On Friday’s St. Louis on the Air, host Don Marsh went Behind the Headlines with a discussion about the state of organized labor in the bi-state region in light of the ruling. Joining him for the conversation was the president of the St. Louis Labor Council, Pat White, who described the court decision as “another attack on working men and women.”

The St. Louis Board of Aldermen chambers on July 7, 2017.
File photo | Rachel Lippmann | St. Louis Public Radio

The St. Louis Board of Aldermen Friday gave its approval to a $1.1-billion spending plan that includes more money for vacant-building demolition and help for the homeless.

The 22-2 vote, with one alderman abstaining, marked the end of what had been a difficult budget process. Aldermen had to find ways to close a $14-million gap, despite several new sources of revenue, and the city’s budget committee often had trouble holding meetings because not enough members showed up.

Missouri Secretary of State Jay Ashcroft, in a photo taken at St. Louis Public Radio on June 28, 2018
David Kovaluk | St. Louis Public Radio

On the latest edition of the Politically Speaking podcast, St. Louis Public Radio’s Jo Mannies and Rachel Lippmann welcome Missouri Secretary of State Jay Ashcroft – who’s in the midst of a flurry of pre-election activity.

A Republican, Ashcroft was elected during the state’s GOP election landslide of 2016. That year, Missouri voters also approved a photo-ID requirement at the polls.

The Senate took a crucial step Thursday to making sure that, among other things, the hungry are fed, farmers have crop price protections and land is preserved beyond Sept. 30 — that is, the day the farm bill expires.

Marshall Griffin | St. Louis Public Radio

Updated June 29  - It’s unclear if Missouri lawmakers will try next year to ban gifts from lobbyists, due in part to changing leadership in the House and Senate.

The two lawmakers who backed this year’s bill to ban most gifts from lobbyists have left the Legislature. Justin Alferman, R-Hermann, who sponsored the bill in the House, is now Gov. Mike Parson’s legislative director, and the senate backer, Mike Kehoe, is now lieutenant governor.

St. Louis County Councilman Ernie Trakas
Alex Heuer I St. Louis Public Radio

St. Louis County Councilman Ernie Trakas’ political future is now up to a judge, who will likely rule before the summer ends whether Trakas violated the county charter by doing legal work for school districts.

If the answer is yes, then Trakas – who represents much of south county – would be removed from the council.

St. Charles County Circuit Judge Dan Pelikan held a brief hearing Thursday morning and ordered lawyers for both sides to submit any additional legal arguments within 30 days. Pelikan could then rule at any time, although the lawyers predict it likely will be August at the earliest before he announces his decision.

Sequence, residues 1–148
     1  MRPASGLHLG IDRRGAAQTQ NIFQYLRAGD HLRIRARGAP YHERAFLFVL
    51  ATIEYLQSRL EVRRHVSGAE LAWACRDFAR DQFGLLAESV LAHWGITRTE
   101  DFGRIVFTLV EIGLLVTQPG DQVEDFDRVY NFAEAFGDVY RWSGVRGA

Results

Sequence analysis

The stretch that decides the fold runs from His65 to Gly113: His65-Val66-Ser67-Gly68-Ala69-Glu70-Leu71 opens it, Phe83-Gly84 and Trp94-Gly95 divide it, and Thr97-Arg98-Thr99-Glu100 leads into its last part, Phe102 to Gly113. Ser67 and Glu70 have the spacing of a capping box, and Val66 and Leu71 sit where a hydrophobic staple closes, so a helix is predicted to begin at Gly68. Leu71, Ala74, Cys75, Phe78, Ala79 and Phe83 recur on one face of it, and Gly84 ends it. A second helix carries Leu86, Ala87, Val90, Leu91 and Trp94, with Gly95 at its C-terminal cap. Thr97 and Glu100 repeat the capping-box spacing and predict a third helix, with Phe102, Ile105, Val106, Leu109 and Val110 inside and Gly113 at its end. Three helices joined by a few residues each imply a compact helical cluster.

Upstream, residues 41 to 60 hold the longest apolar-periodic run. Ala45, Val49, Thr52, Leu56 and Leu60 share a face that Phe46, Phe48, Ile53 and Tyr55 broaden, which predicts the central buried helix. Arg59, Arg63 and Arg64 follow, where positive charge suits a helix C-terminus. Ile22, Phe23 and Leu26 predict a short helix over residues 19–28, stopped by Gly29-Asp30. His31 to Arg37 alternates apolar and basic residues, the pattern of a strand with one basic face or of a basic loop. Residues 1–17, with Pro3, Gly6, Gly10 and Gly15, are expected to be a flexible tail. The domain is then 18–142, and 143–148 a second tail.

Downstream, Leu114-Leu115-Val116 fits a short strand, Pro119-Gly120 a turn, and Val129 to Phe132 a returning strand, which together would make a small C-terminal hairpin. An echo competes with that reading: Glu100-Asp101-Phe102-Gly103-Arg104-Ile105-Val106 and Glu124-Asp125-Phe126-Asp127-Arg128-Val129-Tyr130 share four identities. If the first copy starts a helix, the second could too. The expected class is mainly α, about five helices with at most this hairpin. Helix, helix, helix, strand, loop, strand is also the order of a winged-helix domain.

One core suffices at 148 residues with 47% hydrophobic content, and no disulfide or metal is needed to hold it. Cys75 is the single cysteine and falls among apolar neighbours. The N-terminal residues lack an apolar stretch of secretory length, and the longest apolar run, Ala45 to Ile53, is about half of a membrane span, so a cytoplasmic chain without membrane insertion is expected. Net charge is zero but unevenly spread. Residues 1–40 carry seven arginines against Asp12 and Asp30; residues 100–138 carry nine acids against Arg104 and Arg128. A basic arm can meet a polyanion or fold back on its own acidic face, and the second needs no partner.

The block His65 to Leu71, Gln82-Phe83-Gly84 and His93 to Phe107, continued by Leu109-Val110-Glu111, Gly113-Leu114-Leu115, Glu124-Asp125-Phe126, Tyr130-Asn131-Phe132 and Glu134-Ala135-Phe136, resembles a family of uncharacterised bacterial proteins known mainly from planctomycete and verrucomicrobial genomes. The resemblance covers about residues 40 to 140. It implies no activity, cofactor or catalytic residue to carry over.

June 27 2018 HUDZ meeting.
Kae Petrin | St. Louis Public Radio

A St. Louis aldermanic committee approved a resolution Wednesday that calls for federal and state authorities to investigate developer Paul McKee.

A team of volunteers will demolish five vacant homes in the JeffVanderLou neighborhood on June 30, 2018, including this home on Labadie Avenue.
Shahla Farzan | St. Louis Public Radio

The days are numbered for five crumbling buildings in north St. Louis.

As part of the "Clean Sweep" program, hundreds of volunteers will come together on Saturday to demolish vacant homes in the JeffVanderLou neighborhood. The program, spearheaded by Better Family Life and the Regional Business Council, is part of an ongoing community effort to revitalize St. Louis neighborhoods.

Supreme Court
Kjetil Ree | Flickr

Labor leaders in Missouri’s public and private sectors say the U.S. Supreme Court’s latest ruling curbing public-employee unions doesn’t appear to have a direct impact in Missouri.

The court ruled 5-4 today that public-employee unions cannot collect fees or dues from workers who decline to join the union. But in Missouri, labor leaders say public-employee unions in the state already must get their members to voluntarily pay dues.

Left, Richard Quinn and Alicia Corder spoke with host Don Marsh about the FBI’s efforts to diversify its agents on Wednesday’s St. Louis on the Air.
Evie Hemphill | St. Louis on the Air

While attending Indiana State to become a surgeon, Alicia Corder took a criminal justice class and her entire life plan changed.

“It’s not anything I had considered before,” she said describing a time she heard from an FBI agent about their work. “But there was something about the way he spoke about the people he worked with and the mission he served, and his passion and dedication to it that I was absolutely struck by it. And the next week, I went and changed my major and ended up going to law school and geared everything after that to becoming an agent.”

The St. Louis Council at its meeting on June 26, 2018. The empty chair belongs to County Executive Steve Stenger, who has skipped most of the meetings this year.
Jo Mannies | St. Louis Public Radio

The St. Louis County Council is planning to set up a special task force to tackle the region’s opioid problem, and is offering up to $1 million in grants to encourage people to come up with solutions.

In a rare show of solidarity, the council voted unanimously Tuesday in favor of the plan.

The county already has a prescription drug monitoring program. But Councilman Mark Harder, a Republican from Ballwin, said the 11-member task force is a necessary addition.